ABSTRACT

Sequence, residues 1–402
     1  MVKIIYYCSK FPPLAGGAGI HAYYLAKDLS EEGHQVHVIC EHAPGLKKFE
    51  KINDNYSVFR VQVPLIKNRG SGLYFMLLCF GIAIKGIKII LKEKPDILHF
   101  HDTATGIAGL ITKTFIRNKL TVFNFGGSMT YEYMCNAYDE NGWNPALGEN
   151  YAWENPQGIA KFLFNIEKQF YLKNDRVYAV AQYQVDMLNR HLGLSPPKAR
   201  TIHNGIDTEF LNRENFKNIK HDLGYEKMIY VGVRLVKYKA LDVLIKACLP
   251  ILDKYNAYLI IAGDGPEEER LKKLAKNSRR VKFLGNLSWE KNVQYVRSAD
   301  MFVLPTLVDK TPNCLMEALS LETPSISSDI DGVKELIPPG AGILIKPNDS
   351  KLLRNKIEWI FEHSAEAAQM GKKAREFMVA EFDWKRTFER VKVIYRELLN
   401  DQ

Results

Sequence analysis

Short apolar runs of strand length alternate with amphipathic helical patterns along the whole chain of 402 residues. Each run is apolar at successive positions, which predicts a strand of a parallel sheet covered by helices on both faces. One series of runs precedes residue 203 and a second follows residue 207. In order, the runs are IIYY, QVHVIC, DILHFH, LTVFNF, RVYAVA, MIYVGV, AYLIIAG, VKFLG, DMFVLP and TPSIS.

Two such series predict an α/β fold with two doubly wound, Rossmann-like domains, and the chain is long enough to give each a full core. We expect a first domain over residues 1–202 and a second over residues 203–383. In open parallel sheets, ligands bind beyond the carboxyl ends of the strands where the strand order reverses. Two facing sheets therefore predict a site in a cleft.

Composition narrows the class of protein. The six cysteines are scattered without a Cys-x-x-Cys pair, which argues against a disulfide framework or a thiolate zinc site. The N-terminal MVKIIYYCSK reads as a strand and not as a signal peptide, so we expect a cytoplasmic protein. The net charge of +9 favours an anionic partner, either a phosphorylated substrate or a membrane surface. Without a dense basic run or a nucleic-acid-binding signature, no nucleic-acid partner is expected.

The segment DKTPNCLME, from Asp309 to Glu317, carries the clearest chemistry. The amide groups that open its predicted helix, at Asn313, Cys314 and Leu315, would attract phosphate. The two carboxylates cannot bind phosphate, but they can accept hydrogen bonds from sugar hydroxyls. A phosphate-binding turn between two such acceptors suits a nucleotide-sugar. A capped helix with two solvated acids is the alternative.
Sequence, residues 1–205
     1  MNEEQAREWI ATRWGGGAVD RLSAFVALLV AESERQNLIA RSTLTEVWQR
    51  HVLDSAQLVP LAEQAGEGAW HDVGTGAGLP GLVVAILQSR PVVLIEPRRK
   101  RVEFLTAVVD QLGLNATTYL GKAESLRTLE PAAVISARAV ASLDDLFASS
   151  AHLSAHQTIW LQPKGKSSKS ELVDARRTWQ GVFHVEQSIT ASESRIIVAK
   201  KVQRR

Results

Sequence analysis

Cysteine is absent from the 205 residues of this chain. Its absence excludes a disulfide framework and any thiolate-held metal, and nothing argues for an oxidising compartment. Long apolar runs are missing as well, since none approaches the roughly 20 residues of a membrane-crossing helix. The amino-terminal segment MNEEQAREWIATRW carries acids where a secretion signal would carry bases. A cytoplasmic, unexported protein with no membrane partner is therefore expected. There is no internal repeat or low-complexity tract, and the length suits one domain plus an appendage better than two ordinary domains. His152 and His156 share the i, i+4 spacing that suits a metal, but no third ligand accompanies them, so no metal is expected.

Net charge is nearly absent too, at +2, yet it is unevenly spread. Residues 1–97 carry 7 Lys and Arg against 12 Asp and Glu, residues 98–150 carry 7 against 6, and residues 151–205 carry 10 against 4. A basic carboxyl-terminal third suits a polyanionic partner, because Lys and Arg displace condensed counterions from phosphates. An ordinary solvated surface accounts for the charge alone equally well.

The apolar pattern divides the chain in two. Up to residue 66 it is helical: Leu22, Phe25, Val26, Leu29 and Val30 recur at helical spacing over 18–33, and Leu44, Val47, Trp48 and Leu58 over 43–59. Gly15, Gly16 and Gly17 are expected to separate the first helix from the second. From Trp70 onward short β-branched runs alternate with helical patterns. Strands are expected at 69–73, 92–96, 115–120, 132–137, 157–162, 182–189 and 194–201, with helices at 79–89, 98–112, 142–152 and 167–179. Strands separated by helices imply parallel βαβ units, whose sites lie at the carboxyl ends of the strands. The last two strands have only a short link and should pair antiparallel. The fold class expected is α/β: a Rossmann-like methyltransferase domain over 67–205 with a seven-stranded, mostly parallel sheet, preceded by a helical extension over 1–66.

Salt boundary interpretation is a crucial step for velocity-model building in seismic migration, but it remains a highly labor-intensive task for manual interpretation and a big challenge for automatic methods. We have developed a semiautomatic method to efficiently and accurately extract 2D and 3D complicated salt boundaries from a seismic attribute image that highlights salt boundaries. In 2D salt boundary extraction, we first pick a few points to interpolate an initial curve that is close to the true salt boundary. These points are picked near the salt boundary but are not required to be exactly on the boundary, which makes human interactions convenient and efficient. We then resample the salt boundary attribute image in a band area centered at the initial curve to obtain a new image in which the true salt boundary is an open curve extending laterally. We then extract the salt boundary in the new image using an optimal-path picking algorithm, which is robust enough to track a stable salt boundary from highly discontinuous attribute values by solving a global maximization problem. We finally map the picked path back to the original image to obtain a final salt boundary. In 3D salt boundary extraction, we apply the 2D method to recursively pick 2D salt boundaries in a sequence of inline or crossline slices and then use these 2D boundaries to fit an implicit (level-set) surface of the 3D salt boundary. In our recursive picking, human interactions are greatly reduced by using a salt boundary picked in the previous slice as an initial curve for picking in a followed slice. The effectiveness of our method is confirmed with 2D and 3D real seismic images.

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